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Old 11-18-2011, 10:43 AM   #17
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One reason I don't mind leaving a large portfolio when I die is that it gives me many more options up until that point. While I joke that I'll use it to pay for those future rejuvination treatments that haven't been discovered yet, there is LTC, family emergencies, future technology, and I would assume plenty more things that might require a large expenditure very late in retirement.

I'd be less comfortable if I had mostly a monthly income stream and a much smaller portfolio. I'm trying to maintain a constant lifestyle, with pretty much a constant net worth after inflation. I'll make some adjustments along the way to make sure we don't get too far off track, barring unforeseen events.

Merriman had an interesting white paper comparing a 4% WR and a 5% WR (pure percentage of portfolio each year, not a fixed withdrawal adjusted for inflation). The 5% WR starts off higher and then starts dropping gradually with time (using historical data, though I don't think he goes back past about the 70's). The 4% starts off lower but gradually increases with time, passing the 5% WR payout amount in about 6 years IIRC. That's all average performance of course, our milage may vary.
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Old 11-18-2011, 12:09 PM   #18
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One reason I don't mind leaving a large portfolio when I die is that it gives me many more options up until that point. While I joke that I'll use it to pay for those future rejuvination treatments that haven't been discovered yet, there is LTC, family emergencies, future technology, and I would assume plenty more things that might require a large expenditure very late in retirement.

I'd be less comfortable if I had mostly a monthly income stream and a much smaller portfolio. I'm trying to maintain a constant lifestyle, with pretty much a constant net worth after inflation. I'll make some adjustments along the way to make sure we don't get too far off track, barring unforeseen events.
This pretty much reflects my thinking in addition to wanting to leave my kids with some $$$ when DW and I are gone
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Old 11-18-2011, 12:09 PM   #19
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I do not agree that giving up 2% rewards on almost everything I buy (and 3% at Amazon) is LBYM. Add in extra trips to the ATM and carrying cash that isn't working for you. No, it does not make sense. (edit/add: and a month of float).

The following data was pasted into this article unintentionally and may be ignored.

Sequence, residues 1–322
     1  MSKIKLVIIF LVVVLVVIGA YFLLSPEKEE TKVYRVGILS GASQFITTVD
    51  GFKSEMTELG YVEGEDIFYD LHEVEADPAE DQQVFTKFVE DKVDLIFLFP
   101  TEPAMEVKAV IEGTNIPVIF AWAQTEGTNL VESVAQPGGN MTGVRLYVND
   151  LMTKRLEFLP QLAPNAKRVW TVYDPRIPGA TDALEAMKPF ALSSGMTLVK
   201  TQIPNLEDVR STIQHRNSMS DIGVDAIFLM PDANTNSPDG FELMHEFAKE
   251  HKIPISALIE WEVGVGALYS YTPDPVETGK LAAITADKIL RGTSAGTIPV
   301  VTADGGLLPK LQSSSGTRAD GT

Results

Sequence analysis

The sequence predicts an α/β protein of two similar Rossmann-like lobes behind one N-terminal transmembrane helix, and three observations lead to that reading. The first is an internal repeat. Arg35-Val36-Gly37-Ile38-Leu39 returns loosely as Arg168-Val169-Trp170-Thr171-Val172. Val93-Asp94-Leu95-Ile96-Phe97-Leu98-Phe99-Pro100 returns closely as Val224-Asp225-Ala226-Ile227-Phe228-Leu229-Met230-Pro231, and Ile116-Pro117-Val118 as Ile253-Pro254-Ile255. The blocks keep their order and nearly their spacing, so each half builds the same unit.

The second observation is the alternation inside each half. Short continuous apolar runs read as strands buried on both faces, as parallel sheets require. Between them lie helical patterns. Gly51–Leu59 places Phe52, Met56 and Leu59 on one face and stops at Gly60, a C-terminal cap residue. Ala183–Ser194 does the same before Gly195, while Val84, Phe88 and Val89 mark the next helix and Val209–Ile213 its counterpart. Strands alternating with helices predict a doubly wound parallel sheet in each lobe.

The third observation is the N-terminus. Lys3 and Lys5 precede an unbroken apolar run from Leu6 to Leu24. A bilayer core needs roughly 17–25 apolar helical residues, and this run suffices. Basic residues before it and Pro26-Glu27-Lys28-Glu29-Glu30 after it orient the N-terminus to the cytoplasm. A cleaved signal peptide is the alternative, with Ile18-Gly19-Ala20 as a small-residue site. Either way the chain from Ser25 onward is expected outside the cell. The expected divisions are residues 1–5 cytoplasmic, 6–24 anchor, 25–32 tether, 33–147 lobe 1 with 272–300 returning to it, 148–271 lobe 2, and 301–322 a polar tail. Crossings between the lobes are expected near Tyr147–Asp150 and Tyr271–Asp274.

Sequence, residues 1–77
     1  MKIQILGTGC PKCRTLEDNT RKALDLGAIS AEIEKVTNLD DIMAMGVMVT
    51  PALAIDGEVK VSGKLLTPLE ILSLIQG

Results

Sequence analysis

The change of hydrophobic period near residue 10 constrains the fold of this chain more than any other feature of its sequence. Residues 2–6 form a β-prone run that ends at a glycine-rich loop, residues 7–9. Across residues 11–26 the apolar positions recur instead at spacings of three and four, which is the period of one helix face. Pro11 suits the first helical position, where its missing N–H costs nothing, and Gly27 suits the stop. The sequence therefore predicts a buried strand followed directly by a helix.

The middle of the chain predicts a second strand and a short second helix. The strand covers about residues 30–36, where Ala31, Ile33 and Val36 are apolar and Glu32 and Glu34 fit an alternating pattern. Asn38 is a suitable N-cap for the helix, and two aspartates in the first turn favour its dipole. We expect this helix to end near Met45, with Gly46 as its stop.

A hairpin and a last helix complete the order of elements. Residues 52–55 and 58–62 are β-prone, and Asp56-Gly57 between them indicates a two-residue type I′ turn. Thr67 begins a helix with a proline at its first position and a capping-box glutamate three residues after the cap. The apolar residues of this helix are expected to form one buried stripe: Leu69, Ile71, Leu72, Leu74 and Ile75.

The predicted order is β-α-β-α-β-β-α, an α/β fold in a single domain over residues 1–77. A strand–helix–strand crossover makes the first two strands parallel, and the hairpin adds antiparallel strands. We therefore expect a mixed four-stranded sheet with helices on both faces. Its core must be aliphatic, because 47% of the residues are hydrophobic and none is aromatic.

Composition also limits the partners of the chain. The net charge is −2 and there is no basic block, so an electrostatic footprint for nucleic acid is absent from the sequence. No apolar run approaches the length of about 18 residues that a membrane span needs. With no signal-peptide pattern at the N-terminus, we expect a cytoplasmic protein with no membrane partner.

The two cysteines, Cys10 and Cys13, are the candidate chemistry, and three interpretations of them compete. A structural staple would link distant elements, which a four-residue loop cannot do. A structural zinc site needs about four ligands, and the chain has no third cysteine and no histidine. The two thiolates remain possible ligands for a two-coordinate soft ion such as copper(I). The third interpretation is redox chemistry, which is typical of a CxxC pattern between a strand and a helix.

It's my understanding that people tend to spend more, on average, if they are using a credit card regularly. So if you end up spending 3% more because of the convenience of the credit card, you aren't really coming out ahead. My point is, if I pull out my weekly lunch money in cash at the start of the week, and by Friday I've spend almost all of it, I'm much less likely to have that $18 sushi lunch than if I can just whip out my credit (or debit) card.
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This would be my desired financial situation when I die. It would mean I never had to worry about money for the rest of my life.
Me too, but if the cost of is 5,10, 15 years more work to build a larger capital pool that you won't ever substantially spend, it seems like a bad trade off to me.
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Old 11-18-2011, 12:31 PM   #20
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As for annuities, I won't even think of one until I am in my 80's. At that point, I can re-assess. If I am in good health and interest rates are more favorable, I might consider one but if not, then that idea is out of the question for me.
For sure, in your situation I wouldn't think annuities would make sense. You have built up a large enough nest egg to pull a SWR that will preserve your capital (probably) indefinitely.
But I think my point of view is, what if you could pull the plug earlier, which would require you to spend a portion of your capital. Eventually that capital is small enough that it doesn't generate sufficient income (so your depleting it faster too) and market swings increasingly affect your income from it. At (or before) that point you begin annuitizing, to begin creating a more stable income stream. Which only makes sense once the ins. tables begin paying reasonable rates (75 - 80+)?
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Why does the 4% SWR seem to be "so inefficient" to you ? It makes sense to many people planning to ER. You do not have to die with a huge amount of unspent capital following the 4% SWR approach.
It's my understanding that the approx. 4% withdrawal rate gives you > 90% of capital survival over a very long (30 years?) period. Obviously nothing is guaranteed.

I'm going to try to put together some numbers as a sounding board and I'll post them. I hope.